Review: Britannia Hospital
Blu-ray: Britannia Hospital (1982)
Britannia Hospital is the final part of Lindsay Andersons’ trilogy about how weird and shit Britain was/is. It features Anderson’s ‘everyman’ character Mick Travis, and to really get a grip on Britannia Hospital it helps to know about Mick and the films that came before.
Mick is played by Malcolm McDowell and features in the three collaborative films directed by Anderson and written by David Sherwin. Mick is designed purposely to fit into each story yet be the defining arc, the aforementioned ‘everyman’ whose role changes according to the needs of the storyteller.
In if…. (1968), which was Malcolm McDowell’s film debut, Mick Travis first appears as a disaffected public school boy whose anti-establishment attitude and experiences lead to armed insurrection at a private school. The film was made at Lindsay Anderson’s old school, and is somewhat biographical. In O Lucky Man! (1973), Travis becomes a picaresque character, in a satire that starts with Travis’ first job as a mobile coffee salesman and, after many adventures involving arms-sale scandals, experiments in human-animal genetics by the mad scientist Doctor Millar (played by Graham Crowden, who returns in Britannia Hospital), and a sojourn with the musician Alan Price, ends up with him becoming a film star, thanks to a slap by a film director played in a cameo by Anderson.
Britannia Hospital is a film of its time. It’s also a bit bonkers. Encompassing Unions (everyone is always on strike), the class system, racism (the language used in this is enough to get it banned) and what it means to be a human, all in a sort of “is it the future?” atmosphere. No it seems more like 1974 even though it was made in 1982.
The story itself follows different sets of characters that all converge at the end. A new wing at Britannia Hospital is to be opened, by HRH ( the Queen Mother) and the administrator of the hospital, Potter (the most wonderful Leonard Rossiter), is confronted with demonstrators protesting against an African dictator who is a VIP patient, striking workers, and missing star surgeon Professor Millar (Graham Crowden) who is the head of the new wing.
Rather than cancel the royal visit, Potter decides go ahead with the visit, grappling with protesters, striking staff, and various other problems. Meanwhile Mick Travis is a reporter who is shooting a clandestine documentary about the hospital and its dubious practices. He manages to get inside and starts to investigate Millar’s sinister scientific experimentation, including the murder of a patient, Macready (Alan Bates, who we see briefly playing dead lying on a gurney).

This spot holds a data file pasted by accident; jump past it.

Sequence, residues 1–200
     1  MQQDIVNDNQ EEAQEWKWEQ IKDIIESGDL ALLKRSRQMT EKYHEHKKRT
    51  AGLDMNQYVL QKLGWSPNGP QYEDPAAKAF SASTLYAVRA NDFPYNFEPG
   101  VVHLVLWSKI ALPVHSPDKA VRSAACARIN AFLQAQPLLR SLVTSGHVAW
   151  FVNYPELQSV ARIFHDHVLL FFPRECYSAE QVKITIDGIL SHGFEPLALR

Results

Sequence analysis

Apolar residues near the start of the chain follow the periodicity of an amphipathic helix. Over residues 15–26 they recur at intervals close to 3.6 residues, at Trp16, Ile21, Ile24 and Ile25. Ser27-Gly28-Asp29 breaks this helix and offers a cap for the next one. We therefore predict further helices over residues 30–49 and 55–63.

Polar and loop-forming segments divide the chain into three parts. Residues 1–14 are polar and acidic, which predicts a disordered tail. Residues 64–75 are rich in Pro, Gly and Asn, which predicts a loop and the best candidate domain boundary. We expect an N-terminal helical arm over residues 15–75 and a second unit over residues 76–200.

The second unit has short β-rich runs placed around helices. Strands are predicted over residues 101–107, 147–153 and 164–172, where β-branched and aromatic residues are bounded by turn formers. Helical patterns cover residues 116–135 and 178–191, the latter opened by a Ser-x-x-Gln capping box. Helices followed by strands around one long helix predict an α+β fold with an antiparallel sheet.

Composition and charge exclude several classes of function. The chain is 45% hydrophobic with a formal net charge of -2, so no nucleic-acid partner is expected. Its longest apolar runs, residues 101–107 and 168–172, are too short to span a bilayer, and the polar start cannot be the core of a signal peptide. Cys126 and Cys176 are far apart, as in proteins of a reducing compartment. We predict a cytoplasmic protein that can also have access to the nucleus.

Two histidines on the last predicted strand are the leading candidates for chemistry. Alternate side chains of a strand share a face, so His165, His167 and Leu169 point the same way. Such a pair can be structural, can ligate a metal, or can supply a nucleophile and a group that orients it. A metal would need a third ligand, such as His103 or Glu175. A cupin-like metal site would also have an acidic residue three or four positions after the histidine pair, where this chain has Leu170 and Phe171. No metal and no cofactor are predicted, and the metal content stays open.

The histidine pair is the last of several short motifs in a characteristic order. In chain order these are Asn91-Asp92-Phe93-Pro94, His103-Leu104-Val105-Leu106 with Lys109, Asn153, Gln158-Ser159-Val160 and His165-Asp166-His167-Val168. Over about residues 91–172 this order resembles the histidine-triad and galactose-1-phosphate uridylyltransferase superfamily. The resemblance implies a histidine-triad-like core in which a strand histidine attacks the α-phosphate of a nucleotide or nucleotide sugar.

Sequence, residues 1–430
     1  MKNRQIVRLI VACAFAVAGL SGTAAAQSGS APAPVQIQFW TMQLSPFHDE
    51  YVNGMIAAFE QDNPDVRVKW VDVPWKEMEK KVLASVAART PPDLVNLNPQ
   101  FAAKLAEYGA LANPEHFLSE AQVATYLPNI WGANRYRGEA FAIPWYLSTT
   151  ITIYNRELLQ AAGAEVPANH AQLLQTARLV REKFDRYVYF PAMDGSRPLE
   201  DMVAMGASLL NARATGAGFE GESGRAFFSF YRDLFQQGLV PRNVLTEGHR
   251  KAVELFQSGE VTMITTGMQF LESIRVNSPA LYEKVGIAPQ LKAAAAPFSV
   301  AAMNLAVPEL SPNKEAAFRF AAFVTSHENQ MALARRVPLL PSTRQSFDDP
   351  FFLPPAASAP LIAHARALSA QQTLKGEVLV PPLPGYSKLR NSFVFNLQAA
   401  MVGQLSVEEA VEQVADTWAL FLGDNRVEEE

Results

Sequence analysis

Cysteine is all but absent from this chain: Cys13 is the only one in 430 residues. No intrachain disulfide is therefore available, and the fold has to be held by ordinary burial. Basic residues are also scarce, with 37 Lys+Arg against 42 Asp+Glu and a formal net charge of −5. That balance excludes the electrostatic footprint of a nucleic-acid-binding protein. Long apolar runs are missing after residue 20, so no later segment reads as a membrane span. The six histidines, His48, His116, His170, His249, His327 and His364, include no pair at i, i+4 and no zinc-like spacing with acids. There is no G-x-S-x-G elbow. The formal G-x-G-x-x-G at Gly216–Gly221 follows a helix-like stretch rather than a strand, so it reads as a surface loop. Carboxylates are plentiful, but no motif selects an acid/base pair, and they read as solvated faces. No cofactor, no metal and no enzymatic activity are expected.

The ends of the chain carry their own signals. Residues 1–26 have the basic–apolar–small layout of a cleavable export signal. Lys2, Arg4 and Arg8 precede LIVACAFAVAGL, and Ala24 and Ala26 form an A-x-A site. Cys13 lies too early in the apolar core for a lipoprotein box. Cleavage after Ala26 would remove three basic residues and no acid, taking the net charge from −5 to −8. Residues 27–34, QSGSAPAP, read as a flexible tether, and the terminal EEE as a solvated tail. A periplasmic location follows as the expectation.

As mayhem ensues outside, Travis is also murdered and his head used as part of a grim Frankenstein-like experiment which goes wrong (but you do get to see some cock).
Eventually, the protestors break into the hospital and attempt to disrupt Millar’s presentation of his “Genesis Project”, in which he claims he has perfected mankind. In front of the assembled audience of Royalty and commoners, Genesis is revealed a brain wired to machinery. Genesis is given a chance to speak and, in a robotic voice, utters the ‘What a piece of work is a man’ speech from Hamlet.
This is a strange film, the ending is terrible and sort of meanders off, and it doesn’t know if it’s a comedy or science fiction or social commentary – it’s all three. But despite all its faults the story IS coherent and I enjoyed watching it. But my main reason for this was the cast. It features all the greats from my youth, from Dandy Nichols, Betty Marsdan, Joan Plowright, Robin Askwith, Brian Glover, and Fulton Mackay, and that’s just a few, why I even spotted Vyvyan from The Young Ones Mum as one of protesters.
So in short, I think this does work best as part of that trilogy, and who doesn’t love the anarchy of ‘…….if’? What do you MEAN you’ve never heard of it?? Go out and see it right NOW!
INDICATOR LIMITED EDITION BLU-RAY SPECIAL FEATURES
- High Definition remaster
- Original mono audio
- The BEHP Interview with Lindsay Anderson (1991, 117 mins): archival audio recording, made as part of the British Entertainment History Project, featuring the celebrated director in conversation with Alan Lawson and Norman Swallow
- Healthy Reputation (2020, 21 mins): actor Robin Askwith fondly reflects on his films and friendship with Anderson
- Biles Apart (2020, 9 mins): actor Brian Pettifer recalls his close working relationship with Anderson
- A Cut Above (2020, 11 mins): editor Michael Ellis discusses the film’s production
- Image gallery: publicity and promotional material
- Original theatrical trailer
- Original teaser trailer
- New and improved English subtitles for the deaf and hard-of-hearing
- Limited edition exclusive 40-page booklet with a new essay by Peter Cowie, an archival interview with Lindsay Anderson, extracts from the diaries of Anderson and screenwriter David Sherwin recounting the production, an overview of contemporary critical responses, and film credits
- World premiere on Blu-ray
- Limited edition of 3,000 copies
Britannia Hospital is released on 29th June 2020.
Review by Tina from a disc kindly supplied by Powerhouse Films.
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